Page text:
Net neutrality fight, Part II

Jan 17, 2018

Suit by 22 state attorneys general seeks to block FCC's net neutrality repeal


LA Times' JIM PUZZANGHERA: "A group of 22 Democratic state attorneys general, including those from California and New York, filed a lawsuit Tuesday seeking to block the Federal Communications Commission’s repeal of tough net neutrality rules for online traffic."


"The suit, filed in the U.S. Court of Appeals for the District of Columbia, argues that the vote last month along party lines by the Republican-controlled FCC was an “arbitrary and capricious” change to regulations enacted by Democrats in 2015."


"Those rules were designed to ensure the uninhibited flow of online content. They prohibited AT&T Inc., Charter Communications Inc., Verizon Communications Inc. and other broadband and wireless internet service providers from selling faster delivery of certain data, slowing speeds for specific video streams and other content, and blocking or otherwise discriminating against any legal online material."


Trump's revenge on California: The Census


Politico's DAVID SIDERS: "Fear is rising among Democrats over the prospect that President Donald Trump’s hard line on immigration might ultimately cost California a seat in Congress during the upcoming round of reapportionment."


"Top Democrats here are increasingly worried the administration’s restrictive policies — and the potential inclusion of a question about citizenship on the next U.S. census — could scare whole swaths of California’s large immigrant population away from participating in the decennial count, resulting in an undercount that could cost the state billions of dollars in federal funding over the next decade and, perhaps, the loss of one of its 53 seats in the U.S. House of Representatives."


"The fears are well-founded: According to the population formula used by Congress to distribute House seats every 10 years, California is currently on the bubble in 2020, on the verge of losing a seat for the first time in its history."


CA120: North versus South in 2018 primary


Capitol Weekly's PAUL MITCHELL: "With five months to the 2018 gubernatorial primary election, there is a natural tendency to try and find the single major factor that will determine the outcome."


"Will it be Donald Trump, absentee voters, young people, the gas tax, racially polarized voting, the open primary, North versus South, the growing number of independent voters, the new registrants since President Trump was elected, or 25% of the electorate who registered to vote in 2016?"


"The fact is, it will be all of these things."


LAO: A summary of the governor's 2018-19 budget


LEGISLATIVE ANALYST'S OFFICE: "The Governor’s 2018‑19 proposed budget places a high priority on building reserves. To that end, the Governor proposes a total reserve balance of nearly $16 billion, including an optional $3.5 billion deposit into the state’s rainy day fund. We believe the Governor’s continued focus on building more reserves is prudent in light of economic and federal budget uncertainty. In considering the Governor’s proposal, we advise the Legislature to first set its own optimal level of reserves in preparation for a future recession."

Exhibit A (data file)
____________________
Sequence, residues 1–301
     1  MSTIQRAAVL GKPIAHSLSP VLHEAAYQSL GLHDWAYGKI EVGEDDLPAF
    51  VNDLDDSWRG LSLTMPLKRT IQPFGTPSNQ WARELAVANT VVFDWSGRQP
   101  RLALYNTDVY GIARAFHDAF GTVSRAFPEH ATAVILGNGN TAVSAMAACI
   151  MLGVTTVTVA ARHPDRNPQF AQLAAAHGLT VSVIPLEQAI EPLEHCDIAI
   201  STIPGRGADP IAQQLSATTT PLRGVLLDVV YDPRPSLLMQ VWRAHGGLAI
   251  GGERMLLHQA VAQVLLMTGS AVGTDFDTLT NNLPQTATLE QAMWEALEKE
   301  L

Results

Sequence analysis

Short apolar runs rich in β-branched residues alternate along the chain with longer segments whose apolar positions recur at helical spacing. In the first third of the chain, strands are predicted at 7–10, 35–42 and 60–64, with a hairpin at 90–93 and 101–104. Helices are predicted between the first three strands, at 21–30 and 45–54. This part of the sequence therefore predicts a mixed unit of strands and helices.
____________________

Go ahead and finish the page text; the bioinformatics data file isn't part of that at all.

"Under the administration’s estimates, there are sizeable resources available to allocate within the constitutionally required funding guarantee for schools and community colleges. The governor makes a few major decisions in allocating these funding amounts. These include: (1) fully funding the implementation of the K‑12 Local Control Funding Formula, (2) increasing community college apportionments and implementing a new allocation formula, and (3) creating a new high school career technical education program."


"After setting aside reserves and fulfilling constitutionally required spending, the governor uses some discretionary funds for a variety of new infrastructure projects. While these proposals have merit, the Legislature may wish to consider whether it has a different set of priorities for infrastructure spending. Moreover, while many of the infrastructure proposals in the governor’s budget include relatively small spending amounts for 2018‑19, some carry growing and significant costs in later years."


If the government shuts down Friday, how will it affect you?


SGV Tribune's JOHN WOOLFOLK: "The federal government has shut down more than a dozen times in the last four decades, and the next could begin Friday at 9 p.m. California time if lawmakers hung up on immigration differences cannot reach an agreement on a spending plan."


"What will that mean? No, Uncle Sam doesn’t close up shop completely in a shutdown. Social Security and Medicare payments continue, food stamps still get distributed, and activities related to national security, such as the military, air traffic control and air passenger screening, go on. However, although soldiers are expected to show up for duty, their pay could be interrupted and Congress would have to approve paying them retroactively, as it did the last time the government shut down."